- TikTok has created a new generation of digital stars who have built massive audiences on the app.
- But many creators are still experimenting with how to make money.
- Here's how much TikTokers earn from brand deals, song promotions, livestreams, and its Creator Fund.
- For more stories visit Business Insider.
TikTok ushered in a new generation of digital stars. But for many creators, it can be difficult to make money from TikTok alone.
Unlike YouTube or Facebook, which split a percentage of ad revenue with qualifying users, TikTok doesn't share ad dollars with influencers. Instead, it has several built-in monetization tools like virtual "gifts," as well as a Creator Fund to pay users with at least 10,000 followers and 100,000 views in a 30-day period for their videos.
While Creator Fund payments aren't calculated based on just views, the effective payouts for videos have amounted to a few pennies for every one thousand video plays, some TikTokers told Insider.
Personal finance influencer Preston Seo, who now has 2.1 million TikTok followers, earned a total of about $1,664 from the Creator Fund between January 2021 to May 2021, according to documentation he shared with Insider. His TikTok account earns between $9 to $38 a day on average.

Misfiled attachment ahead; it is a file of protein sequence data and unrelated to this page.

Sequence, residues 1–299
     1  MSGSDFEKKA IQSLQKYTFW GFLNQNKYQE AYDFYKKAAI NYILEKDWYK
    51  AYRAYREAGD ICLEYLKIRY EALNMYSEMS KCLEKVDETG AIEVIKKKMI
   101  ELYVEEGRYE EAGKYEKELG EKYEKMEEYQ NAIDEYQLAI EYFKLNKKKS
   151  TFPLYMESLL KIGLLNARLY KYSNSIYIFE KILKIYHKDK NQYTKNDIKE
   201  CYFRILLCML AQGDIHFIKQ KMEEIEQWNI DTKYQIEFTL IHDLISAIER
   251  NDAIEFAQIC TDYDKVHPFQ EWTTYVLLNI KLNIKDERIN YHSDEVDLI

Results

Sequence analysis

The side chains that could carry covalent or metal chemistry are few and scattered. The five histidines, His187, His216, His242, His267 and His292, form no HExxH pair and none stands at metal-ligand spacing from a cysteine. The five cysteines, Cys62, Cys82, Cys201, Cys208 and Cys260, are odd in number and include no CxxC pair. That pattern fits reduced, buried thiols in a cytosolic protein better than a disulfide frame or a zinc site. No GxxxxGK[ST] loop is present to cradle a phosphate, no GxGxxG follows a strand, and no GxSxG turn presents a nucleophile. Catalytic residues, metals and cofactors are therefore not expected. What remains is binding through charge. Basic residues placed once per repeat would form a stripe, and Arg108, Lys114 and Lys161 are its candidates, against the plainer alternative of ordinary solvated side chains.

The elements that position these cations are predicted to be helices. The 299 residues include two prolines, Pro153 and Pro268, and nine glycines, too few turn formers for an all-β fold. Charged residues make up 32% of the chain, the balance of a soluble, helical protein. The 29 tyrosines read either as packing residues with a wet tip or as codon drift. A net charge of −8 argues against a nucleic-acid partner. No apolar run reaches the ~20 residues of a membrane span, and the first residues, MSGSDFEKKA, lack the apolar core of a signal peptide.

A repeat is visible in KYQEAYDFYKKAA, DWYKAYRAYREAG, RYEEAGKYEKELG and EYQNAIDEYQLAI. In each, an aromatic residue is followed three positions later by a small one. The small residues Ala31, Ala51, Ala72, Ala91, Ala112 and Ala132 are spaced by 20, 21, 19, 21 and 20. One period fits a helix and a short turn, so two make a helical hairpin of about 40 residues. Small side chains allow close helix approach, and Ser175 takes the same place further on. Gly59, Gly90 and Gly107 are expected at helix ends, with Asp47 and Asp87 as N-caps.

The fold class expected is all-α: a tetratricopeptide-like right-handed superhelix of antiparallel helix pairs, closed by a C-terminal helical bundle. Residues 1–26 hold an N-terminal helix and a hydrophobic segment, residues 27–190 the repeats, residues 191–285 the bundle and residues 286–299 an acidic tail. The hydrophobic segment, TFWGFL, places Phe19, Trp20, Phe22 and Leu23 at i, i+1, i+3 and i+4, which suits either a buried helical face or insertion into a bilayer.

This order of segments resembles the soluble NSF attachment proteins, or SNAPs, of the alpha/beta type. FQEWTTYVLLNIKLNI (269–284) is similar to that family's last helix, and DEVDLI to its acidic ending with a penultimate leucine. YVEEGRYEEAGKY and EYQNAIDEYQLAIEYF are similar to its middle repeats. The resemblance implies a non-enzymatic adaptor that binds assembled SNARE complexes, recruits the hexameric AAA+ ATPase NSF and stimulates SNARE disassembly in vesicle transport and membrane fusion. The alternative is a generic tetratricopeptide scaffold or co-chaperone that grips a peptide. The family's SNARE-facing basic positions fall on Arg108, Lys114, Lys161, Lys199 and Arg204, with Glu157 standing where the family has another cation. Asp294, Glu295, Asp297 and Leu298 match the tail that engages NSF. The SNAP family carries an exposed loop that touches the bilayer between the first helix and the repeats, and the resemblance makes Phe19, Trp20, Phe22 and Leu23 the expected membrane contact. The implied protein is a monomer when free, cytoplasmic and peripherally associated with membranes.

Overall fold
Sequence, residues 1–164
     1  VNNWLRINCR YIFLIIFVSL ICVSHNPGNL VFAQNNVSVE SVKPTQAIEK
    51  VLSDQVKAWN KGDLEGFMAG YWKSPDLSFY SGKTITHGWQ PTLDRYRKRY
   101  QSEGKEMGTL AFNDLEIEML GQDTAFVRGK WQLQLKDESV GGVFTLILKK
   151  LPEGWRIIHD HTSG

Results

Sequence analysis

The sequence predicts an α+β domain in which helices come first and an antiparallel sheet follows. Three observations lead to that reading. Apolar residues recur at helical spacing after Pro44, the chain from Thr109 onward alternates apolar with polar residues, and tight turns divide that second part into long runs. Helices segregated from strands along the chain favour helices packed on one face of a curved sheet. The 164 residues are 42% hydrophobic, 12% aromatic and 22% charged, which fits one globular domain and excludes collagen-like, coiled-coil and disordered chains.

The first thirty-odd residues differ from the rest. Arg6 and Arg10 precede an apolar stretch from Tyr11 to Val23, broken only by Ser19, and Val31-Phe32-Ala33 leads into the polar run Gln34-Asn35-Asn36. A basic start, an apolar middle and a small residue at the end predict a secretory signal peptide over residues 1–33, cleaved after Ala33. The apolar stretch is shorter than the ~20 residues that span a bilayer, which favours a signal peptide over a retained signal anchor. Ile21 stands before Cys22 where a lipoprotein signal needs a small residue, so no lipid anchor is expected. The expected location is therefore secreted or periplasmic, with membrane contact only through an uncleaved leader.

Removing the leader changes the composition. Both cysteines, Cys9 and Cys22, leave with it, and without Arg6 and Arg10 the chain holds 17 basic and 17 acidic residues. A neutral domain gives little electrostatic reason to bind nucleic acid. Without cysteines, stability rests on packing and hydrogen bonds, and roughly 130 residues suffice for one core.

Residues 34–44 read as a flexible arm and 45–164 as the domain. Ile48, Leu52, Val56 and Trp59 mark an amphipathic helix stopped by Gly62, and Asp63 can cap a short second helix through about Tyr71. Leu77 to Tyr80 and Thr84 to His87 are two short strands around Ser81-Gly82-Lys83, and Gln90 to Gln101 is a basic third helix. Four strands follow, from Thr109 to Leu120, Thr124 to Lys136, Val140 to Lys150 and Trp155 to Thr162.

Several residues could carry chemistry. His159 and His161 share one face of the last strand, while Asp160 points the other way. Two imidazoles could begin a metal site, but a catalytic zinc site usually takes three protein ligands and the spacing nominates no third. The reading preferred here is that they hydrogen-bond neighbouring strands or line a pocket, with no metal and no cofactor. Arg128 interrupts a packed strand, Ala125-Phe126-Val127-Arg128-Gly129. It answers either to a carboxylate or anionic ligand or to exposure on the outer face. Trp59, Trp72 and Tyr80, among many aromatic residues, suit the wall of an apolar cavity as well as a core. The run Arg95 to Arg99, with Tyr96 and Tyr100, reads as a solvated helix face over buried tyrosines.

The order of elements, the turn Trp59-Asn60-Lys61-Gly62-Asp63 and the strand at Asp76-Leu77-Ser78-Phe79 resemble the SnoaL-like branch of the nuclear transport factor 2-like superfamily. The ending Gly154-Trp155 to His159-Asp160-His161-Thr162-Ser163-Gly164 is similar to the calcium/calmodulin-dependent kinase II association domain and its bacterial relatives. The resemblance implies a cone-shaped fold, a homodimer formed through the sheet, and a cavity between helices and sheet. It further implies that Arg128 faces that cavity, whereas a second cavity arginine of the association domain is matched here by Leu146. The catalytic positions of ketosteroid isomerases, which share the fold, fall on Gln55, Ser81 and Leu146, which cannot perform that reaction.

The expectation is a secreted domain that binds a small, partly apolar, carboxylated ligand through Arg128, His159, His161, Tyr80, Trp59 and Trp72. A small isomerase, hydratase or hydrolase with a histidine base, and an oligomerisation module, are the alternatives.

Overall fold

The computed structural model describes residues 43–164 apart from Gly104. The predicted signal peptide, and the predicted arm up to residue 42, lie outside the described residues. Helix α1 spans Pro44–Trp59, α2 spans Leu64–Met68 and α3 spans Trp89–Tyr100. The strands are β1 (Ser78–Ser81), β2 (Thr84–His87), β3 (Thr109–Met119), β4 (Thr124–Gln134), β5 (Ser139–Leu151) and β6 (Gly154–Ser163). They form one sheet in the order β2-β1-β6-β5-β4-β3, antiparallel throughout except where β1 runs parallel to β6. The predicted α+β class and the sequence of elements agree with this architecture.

The Creator Fund isn't the only in-app monetisation tool for TikTok creators.
Some TikTokers also make money by receiving virtual "gifts" during livestreams, which can be converted into cash. ASMR content creator Lucy Davis told Insider she earns between $20 and $300 each time she goes live, for example. (The company recently began testing its gifts feature in other parts of the app.)Because Creator Fund payments don't pay the bills on their own, many influencers work on brand deals and song promotions to earn money from TikTok.
Seo said he charges about $600 per sponsored post on TikTok.
Symphony Clarke, an Atlanta-based TikTok creator, told Insider that she charged between $350 and $600 for a sponsored post.
And one of the most popular ways to earn money as a TikToker is by promoting songs in videos. Music marketers and record labels regularly pay TikTok users to post on the app in an attempt to make a new track go viral.
TikTok creator trio Nicole, Natalie, and Nika Taylor, who have over 10 million followers on the app, told Insider they charge $750 to promote a song in a single video, $1,400 for two videos, and $2,000 for three videos.
For micro influencers with fewer followers, rates are more variable, but can fall anywhere from $20 to $150, said Austin Georgas, a senior account manager focused on music marketing at the Gen-Z media company Flighthouse.